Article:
1. Dee, I can understand why the move you made would be appealing. I'm sure it must be disappointing that the experience hasn't been as you might have wished. I know what you mean about the round peg and square holes. Numerous casual friends here I'd known many years, that I had thought might become closer friends, I discovered had some deep-seated values they had never before revealed until around the previous elections. I've had friends elsewhere say they disappointingly found that to be unexpectedly true of some individuals with whom they had once thought they had shared values. That can result in friendship depth limitations which it has for me.

      Other old friends who would like to get together, that I would enjoy since my time is freer, are now having to be even more involved than I once was, carrying for a spouse -- or have serious problems of their own -- and just have no free time for themselves.

      I know there are many suggestions for anyone interested in meeting new people, but I'm hesitant to suggest what others can do relative to volunteer opportunities, for example, 'cause what the person's life has been preceding these elder years may have great bearing on whether or not such involvement is really best for them.

      I don't really think of what I was experiencing as feeling lonely, but maybe it's just a matter of semantics. I don't know if it was melancholy, contemplation, reflection or all of that. I do know I've experienced such moods throughout my life, when I was young, single; while I was married, and since. Meanwhile, I keep meeting new people occasionally and hope you do the same. I always find getting to know someone interesting, even if neither of us moves the relationship beyond a fairly superficial or casual level.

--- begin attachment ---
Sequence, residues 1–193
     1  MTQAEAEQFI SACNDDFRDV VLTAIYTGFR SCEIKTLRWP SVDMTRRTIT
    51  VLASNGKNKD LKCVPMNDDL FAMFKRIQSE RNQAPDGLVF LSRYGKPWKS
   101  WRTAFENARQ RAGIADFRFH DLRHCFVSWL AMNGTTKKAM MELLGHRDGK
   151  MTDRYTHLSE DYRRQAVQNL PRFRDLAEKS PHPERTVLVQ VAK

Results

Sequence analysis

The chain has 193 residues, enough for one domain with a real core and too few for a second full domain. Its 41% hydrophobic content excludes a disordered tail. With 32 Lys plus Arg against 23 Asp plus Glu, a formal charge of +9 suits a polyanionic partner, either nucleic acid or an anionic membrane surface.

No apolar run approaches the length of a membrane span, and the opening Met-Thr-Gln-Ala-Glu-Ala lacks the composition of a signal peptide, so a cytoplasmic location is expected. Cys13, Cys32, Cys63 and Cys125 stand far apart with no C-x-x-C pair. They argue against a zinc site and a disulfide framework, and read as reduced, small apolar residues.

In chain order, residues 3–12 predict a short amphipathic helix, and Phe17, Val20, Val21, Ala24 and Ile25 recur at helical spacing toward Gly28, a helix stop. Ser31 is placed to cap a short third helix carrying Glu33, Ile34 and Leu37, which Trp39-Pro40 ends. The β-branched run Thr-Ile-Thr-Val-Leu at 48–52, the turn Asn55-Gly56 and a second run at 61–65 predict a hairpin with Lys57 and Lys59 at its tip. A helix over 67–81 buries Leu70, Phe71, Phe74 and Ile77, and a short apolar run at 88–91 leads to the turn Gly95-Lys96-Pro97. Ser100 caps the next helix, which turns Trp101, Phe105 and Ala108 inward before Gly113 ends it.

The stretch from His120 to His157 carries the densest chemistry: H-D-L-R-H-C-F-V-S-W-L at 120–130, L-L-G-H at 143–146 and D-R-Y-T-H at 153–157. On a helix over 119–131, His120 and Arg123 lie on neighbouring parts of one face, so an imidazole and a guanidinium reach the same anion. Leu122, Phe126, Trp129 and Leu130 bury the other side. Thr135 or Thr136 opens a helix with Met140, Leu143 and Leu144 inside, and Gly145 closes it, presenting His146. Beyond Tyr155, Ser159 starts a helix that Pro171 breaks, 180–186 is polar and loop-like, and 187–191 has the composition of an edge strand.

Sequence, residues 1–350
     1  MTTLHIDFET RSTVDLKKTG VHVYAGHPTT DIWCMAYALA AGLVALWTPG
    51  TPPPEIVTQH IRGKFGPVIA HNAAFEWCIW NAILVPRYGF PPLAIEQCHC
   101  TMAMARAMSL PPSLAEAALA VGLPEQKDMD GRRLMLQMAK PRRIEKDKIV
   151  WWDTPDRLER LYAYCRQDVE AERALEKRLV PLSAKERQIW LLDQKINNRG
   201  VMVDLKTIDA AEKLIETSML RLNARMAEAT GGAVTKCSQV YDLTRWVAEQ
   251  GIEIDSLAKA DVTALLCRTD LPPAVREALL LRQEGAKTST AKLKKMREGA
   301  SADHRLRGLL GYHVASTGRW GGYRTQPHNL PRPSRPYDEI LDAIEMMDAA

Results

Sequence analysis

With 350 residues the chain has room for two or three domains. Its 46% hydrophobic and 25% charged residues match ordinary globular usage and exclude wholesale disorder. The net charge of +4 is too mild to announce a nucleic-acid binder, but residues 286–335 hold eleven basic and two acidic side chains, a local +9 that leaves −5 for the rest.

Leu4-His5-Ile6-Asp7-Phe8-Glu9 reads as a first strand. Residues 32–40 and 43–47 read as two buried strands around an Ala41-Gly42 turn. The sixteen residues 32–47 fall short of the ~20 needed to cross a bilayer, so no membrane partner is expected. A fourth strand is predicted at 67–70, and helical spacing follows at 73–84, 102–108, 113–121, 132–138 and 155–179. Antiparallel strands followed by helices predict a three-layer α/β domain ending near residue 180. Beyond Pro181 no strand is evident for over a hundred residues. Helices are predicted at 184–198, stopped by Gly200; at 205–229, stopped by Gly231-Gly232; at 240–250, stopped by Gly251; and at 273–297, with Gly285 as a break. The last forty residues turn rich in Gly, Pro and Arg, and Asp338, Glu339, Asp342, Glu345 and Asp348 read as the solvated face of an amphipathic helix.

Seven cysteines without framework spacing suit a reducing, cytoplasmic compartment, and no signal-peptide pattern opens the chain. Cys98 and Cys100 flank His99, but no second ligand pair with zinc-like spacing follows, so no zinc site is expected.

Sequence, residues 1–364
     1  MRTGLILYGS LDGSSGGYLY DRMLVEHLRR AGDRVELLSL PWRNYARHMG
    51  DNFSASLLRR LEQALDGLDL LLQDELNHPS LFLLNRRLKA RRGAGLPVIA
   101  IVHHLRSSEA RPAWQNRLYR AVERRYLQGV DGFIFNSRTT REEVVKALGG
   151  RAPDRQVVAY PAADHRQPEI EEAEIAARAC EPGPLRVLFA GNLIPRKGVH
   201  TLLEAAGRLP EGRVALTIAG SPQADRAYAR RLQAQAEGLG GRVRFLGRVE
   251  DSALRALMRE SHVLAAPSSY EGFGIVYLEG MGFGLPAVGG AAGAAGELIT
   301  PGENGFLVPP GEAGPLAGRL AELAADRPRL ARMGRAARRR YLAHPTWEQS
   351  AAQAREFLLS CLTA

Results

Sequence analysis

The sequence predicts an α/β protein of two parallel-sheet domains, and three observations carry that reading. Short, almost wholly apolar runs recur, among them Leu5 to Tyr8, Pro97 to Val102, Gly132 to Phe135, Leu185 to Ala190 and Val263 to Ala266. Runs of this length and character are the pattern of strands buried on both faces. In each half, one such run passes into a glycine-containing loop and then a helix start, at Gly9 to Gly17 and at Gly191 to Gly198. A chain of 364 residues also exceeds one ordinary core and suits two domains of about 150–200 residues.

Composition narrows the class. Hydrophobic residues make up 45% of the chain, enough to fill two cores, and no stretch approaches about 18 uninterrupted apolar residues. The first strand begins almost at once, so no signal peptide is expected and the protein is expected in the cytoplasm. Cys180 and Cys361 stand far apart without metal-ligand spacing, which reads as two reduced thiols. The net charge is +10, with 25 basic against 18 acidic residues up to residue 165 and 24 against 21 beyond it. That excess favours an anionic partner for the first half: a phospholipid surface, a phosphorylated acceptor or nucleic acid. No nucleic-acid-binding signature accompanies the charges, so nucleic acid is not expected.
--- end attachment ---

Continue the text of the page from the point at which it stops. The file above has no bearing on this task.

I'm always reminded of what an old friend (now deceased) once wrote me, "There are no friends like old friends." We were both quite younger at the time, but the word "old" takes on new meaning now, doesn't it!

    2. Dear Joared, lonely may be the wrong word. I think I long for people to whom I do not have to explain myself and my "old" friends were just that. As to volunteering, I know I could do that and I probably ultimately will, but I volunteered for forty years up in Minnesota and elsewhere, and right now I find myself wanting simply to write and to use my time for that. Thank you for your thoughtful response. Peace.

    3. Your previous volunteering experience is exactly what I had in mind when I was thinking about that not being the answer for many elders -- who've already had much of a life time providing caregiving and/or volunteering-type activities and need or want to engage themselves otherwise -- sometimes for their own health's sake.

      Yes, friends to whom we do not have to explain ourselves are special. Another thought comes to mind that a true friend is someone who knows when you've made a fool of yourself that you haven't done a permanent job of it.

  3. testing for LC who can't comment here. trying to help her

    1. Sandra, glad you're helping and hope LC able to make a comment. Send me an email: Joaredalongtheway@gmail.com and maybe I can add it to the comment section that way.